Imagine a giant snowstorm shuts down Washington, D.C. for about a week. Essential services still struggle to function but most day-to-day activity is suspended. My instinct in this scenario would be to celebrate this gift from the Fates: the less activity goes on in D.C. the better, from a political economy standpoint. What goes on in Congress, Congressional offices, etc., is generally harmful to a free society, so its temporary suspension is a temporary reprieve.
But there is another angle to the story. If we consider that firms like KBR have so much more at stake in what goes on in Washington than, say, the American Association of Made-Up Nonsense (AAMUN), the picture gets a little hazier. KBR reps will fly in private planes, while AAMUN’s will fly business class if they’re lucky. KBR probably has standing accommodations for their reps, while AAMUN’s have to check in and out of hotels. We might think of AAMUN as a marginal lobbying group. For them, as lobbying activity becomes even slightly more difficult, they will drop off. KBR would stop lobbying in extreme cases as well, but I get the feeling the blizzard we’re imagining is far short of that.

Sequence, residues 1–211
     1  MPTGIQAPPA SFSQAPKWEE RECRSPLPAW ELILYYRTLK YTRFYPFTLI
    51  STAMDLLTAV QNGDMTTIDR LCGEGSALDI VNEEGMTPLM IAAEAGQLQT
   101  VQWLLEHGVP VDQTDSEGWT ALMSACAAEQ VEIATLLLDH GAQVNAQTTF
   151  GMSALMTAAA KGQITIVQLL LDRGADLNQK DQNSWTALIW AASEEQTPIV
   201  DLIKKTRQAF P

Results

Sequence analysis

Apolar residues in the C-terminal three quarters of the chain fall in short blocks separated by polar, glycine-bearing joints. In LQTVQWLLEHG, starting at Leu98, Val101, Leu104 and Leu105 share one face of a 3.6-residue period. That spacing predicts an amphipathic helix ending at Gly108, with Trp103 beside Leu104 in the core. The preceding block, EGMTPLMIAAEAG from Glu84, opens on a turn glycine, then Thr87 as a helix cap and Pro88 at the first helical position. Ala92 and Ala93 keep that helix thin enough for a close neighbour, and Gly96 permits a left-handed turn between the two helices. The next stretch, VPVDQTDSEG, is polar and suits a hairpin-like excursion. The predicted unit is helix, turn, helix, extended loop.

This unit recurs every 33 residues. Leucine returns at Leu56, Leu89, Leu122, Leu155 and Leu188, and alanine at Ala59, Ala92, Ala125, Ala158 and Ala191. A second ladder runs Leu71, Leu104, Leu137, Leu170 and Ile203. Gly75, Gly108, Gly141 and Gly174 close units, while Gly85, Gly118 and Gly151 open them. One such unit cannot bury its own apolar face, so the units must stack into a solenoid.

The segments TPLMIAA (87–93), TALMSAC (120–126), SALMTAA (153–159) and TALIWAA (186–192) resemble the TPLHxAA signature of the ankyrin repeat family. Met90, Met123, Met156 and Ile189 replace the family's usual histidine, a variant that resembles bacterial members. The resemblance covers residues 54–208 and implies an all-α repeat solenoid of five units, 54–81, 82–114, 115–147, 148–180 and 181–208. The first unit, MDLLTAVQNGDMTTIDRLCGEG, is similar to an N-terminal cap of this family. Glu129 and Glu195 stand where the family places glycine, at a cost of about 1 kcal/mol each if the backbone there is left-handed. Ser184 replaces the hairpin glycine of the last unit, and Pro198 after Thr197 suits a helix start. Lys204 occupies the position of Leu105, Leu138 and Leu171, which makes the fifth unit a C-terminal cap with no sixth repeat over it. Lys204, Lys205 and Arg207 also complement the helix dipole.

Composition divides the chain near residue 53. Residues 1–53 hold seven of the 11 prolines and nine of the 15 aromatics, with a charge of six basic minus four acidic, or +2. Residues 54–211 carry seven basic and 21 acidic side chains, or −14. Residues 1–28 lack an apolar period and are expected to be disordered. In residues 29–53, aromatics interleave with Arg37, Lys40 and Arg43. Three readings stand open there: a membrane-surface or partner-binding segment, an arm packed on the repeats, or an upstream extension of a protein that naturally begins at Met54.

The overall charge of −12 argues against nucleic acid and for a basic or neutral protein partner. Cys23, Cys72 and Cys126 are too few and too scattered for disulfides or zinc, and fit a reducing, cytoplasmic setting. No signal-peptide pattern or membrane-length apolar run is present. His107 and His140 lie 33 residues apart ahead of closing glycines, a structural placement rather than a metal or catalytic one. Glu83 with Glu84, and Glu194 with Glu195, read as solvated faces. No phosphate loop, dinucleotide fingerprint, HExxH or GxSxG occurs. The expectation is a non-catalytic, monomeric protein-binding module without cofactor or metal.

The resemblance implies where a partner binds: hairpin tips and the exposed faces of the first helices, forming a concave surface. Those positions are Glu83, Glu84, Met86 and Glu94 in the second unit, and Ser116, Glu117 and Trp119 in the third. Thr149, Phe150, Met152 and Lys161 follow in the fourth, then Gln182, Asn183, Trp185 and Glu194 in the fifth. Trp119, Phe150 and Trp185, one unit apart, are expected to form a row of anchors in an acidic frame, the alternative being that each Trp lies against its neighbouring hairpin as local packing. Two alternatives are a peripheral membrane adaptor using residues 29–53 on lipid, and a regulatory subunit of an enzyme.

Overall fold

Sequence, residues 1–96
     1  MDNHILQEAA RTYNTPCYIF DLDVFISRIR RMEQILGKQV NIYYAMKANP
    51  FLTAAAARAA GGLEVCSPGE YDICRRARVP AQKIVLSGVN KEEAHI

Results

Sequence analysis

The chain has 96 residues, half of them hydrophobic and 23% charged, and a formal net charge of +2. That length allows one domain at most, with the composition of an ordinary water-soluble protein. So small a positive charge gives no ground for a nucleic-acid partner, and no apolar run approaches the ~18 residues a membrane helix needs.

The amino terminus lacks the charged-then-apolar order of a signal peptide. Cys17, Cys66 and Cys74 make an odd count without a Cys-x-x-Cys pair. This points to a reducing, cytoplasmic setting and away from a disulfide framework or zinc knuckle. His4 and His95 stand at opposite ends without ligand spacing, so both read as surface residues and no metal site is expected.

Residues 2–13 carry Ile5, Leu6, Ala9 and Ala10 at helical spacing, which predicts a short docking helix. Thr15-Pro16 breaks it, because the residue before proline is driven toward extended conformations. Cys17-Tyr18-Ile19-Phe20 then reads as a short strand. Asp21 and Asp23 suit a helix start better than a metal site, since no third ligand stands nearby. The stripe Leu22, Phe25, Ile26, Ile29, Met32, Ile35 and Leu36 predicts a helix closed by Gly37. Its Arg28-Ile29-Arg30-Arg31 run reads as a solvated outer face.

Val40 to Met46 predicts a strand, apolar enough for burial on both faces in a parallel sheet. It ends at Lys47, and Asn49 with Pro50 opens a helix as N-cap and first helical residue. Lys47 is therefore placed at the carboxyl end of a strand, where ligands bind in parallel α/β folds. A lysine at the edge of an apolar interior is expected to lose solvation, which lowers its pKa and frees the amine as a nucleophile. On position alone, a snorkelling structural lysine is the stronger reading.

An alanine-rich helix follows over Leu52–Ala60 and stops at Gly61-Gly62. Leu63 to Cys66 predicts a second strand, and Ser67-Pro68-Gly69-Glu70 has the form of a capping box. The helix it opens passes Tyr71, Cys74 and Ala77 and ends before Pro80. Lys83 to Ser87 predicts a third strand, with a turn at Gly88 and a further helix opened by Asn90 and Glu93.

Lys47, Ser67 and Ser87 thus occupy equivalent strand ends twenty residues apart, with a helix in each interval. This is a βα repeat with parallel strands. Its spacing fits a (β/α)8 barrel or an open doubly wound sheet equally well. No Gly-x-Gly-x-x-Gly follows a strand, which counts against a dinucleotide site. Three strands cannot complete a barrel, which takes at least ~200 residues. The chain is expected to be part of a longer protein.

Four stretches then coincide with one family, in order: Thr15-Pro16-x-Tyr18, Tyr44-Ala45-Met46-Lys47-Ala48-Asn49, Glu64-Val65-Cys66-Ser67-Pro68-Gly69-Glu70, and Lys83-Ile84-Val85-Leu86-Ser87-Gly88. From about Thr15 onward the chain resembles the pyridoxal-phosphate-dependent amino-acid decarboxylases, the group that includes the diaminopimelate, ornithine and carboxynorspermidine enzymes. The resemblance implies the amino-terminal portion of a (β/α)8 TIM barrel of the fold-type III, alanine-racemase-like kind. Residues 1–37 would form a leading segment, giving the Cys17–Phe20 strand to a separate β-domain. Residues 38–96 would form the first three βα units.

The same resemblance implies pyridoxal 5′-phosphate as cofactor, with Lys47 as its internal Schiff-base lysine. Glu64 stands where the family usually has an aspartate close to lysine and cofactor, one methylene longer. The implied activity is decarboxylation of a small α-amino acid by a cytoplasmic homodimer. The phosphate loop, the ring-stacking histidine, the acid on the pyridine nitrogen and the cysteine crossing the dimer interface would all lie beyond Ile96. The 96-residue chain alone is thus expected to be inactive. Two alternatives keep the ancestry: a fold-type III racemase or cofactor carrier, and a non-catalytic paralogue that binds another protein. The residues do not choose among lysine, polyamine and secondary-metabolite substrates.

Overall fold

KBR lobbies for things that are good for KBR, and these may not be things that are good for everybody else. AAMUN lobbies in its self-interest too, and the same caveat applies, but what it wants and what KBR wants might counteract each other. In the snowstorm, with AAMUN temporarily out of action there’s nobody there to counteract KBR. Thus we might actually be worse off in this case.